DEFF Research Database (Denmark)

    Bali, Rachna; Savino, Laura; Ramirez, Diego A.;

    2009-01-01

    There has been ample debate on whether cell membranes can present macroscopic lipid domains as predicted by three-component phase diagrams obtained by fluorescence microscopy. Several groups have argued that membrane proteins and interactions with the cytoskeleton inhibit the formation of large d...

  20. Decoupling polarization of the Golgi apparatus and GM1 in the plasma membrane.

    Science.gov (United States)

    Bisel, Blaine; Calamai, Martino; Vanzi, Francesco; Pavone, Francesco Saverio

    2013-01-01

    Cell polarization is a process of coordinated cellular rearrangements that prepare the cell for migration. GM1 is synthesized in the Golgi apparatus and localized in membrane microdomains that appear at the leading edge of polarized cells, but the mechanism by which GM1 accumulates asymmetrically is unknown. The Golgi apparatus itself becomes oriented toward the leading edge during cell polarization, which is thought to contribute to plasma membrane asymmetry. Using quantitative image analysis techniques, we measure the extent of polarization of the Golgi apparatus and GM1 in the plasma membrane simultaneously in individual cells subject to a wound assay. We find that GM1 polarization starts just 10 min after stimulation with growth factors, while Golgi apparatus polarization takes 30 min. Drugs that block Golgi polarization or function have no effect on GM1 polarization, and, conversely, inhibiting GM1 polarization does not affect Golgi apparatus polarization. Evaluation of Golgi apparatus and GM1 polarization in single cells reveals no correlation between the two events. Our results indicate that Golgi apparatus and GM1 polarization are controlled by distinct intracellular cascades involving the Ras/Raf/MEK/ERK and the PI3K/Akt/mTOR pathways, respectively. Analysis of cell migration and invasion suggest that MEK/ERK activation is crucial for two dimensional migration, while PI3K activation drives three dimensional invasion, and no cumulative effect is observed from blocking both simultaneously. The independent biochemical control of GM1 polarity by PI3K and Golgi apparatus polarity by MEK/ERK may act synergistically to regulate and reinforce directional selection in cell migration.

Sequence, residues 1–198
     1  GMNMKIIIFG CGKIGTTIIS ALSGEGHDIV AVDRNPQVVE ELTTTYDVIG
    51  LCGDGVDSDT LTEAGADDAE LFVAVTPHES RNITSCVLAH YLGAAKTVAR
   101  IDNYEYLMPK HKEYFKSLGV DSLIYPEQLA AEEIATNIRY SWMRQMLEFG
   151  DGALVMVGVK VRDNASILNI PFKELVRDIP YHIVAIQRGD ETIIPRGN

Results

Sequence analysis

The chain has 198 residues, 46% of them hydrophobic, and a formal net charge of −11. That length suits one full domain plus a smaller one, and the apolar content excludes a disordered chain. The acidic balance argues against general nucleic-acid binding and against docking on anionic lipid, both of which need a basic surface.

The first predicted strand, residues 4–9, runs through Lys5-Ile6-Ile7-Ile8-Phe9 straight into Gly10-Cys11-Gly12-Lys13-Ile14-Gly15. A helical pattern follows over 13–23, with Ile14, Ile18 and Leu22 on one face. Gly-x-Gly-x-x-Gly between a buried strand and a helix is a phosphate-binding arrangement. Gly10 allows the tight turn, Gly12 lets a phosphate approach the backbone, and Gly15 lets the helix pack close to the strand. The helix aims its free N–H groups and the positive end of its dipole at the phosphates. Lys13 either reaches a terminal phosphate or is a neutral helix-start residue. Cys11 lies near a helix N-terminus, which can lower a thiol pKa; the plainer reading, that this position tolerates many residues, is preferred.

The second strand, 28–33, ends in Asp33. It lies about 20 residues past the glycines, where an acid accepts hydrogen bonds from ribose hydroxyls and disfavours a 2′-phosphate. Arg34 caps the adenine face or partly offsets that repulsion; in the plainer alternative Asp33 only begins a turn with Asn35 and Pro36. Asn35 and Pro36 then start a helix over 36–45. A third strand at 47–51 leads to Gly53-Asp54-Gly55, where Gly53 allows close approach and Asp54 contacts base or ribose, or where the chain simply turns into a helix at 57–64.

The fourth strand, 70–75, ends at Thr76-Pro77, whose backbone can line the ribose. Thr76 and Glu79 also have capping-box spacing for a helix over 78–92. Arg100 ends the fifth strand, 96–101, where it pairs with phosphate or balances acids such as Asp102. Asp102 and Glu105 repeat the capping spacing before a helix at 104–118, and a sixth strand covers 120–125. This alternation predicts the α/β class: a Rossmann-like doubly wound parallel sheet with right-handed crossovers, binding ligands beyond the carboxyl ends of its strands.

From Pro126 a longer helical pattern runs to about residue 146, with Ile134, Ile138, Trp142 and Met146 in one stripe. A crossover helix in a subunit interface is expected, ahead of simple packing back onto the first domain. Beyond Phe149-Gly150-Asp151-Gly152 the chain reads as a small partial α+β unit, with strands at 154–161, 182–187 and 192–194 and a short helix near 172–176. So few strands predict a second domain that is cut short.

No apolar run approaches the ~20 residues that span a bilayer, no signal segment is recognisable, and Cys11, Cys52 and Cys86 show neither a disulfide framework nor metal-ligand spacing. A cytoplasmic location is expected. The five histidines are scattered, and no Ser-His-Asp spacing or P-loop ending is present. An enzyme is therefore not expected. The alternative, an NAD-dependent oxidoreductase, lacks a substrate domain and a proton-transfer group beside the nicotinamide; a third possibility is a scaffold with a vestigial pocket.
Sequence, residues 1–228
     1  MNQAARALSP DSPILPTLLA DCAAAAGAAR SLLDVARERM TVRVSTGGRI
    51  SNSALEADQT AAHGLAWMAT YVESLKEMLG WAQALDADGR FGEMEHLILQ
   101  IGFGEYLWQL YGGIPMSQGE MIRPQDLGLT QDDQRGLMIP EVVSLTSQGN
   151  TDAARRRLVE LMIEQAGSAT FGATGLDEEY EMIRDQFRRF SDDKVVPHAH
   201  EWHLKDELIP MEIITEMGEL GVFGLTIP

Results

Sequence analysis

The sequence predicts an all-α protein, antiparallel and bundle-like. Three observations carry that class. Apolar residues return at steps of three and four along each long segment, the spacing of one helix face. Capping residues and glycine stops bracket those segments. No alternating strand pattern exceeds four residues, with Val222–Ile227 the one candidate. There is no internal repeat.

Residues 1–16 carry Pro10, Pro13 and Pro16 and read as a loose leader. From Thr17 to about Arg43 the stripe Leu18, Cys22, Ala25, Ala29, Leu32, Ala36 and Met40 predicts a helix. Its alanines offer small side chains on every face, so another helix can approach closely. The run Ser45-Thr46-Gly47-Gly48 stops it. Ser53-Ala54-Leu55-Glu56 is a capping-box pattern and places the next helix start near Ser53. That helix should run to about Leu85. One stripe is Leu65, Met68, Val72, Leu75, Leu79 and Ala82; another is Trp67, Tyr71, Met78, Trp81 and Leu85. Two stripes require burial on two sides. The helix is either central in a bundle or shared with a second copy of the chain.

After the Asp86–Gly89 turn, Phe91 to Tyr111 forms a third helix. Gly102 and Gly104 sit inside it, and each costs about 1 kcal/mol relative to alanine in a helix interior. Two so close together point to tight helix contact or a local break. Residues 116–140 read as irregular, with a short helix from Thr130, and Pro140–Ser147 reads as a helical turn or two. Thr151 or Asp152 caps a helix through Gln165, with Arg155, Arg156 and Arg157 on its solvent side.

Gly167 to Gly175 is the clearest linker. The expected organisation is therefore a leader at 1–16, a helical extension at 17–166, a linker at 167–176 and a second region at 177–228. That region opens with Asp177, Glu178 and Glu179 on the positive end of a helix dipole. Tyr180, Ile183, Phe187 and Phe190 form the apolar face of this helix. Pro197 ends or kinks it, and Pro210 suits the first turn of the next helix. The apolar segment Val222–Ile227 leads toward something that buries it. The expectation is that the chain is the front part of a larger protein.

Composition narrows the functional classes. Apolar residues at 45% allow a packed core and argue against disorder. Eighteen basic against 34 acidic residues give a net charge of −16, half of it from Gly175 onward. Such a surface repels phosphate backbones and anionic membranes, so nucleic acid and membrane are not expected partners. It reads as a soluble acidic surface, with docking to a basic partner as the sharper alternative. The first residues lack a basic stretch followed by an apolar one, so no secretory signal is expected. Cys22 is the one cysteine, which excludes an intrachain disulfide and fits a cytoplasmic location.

1. Decoupling polarization of the Golgi apparatus and GM1 in the plasma membrane.

    Directory of Open Access Journals (Sweden)

    Blaine Bisel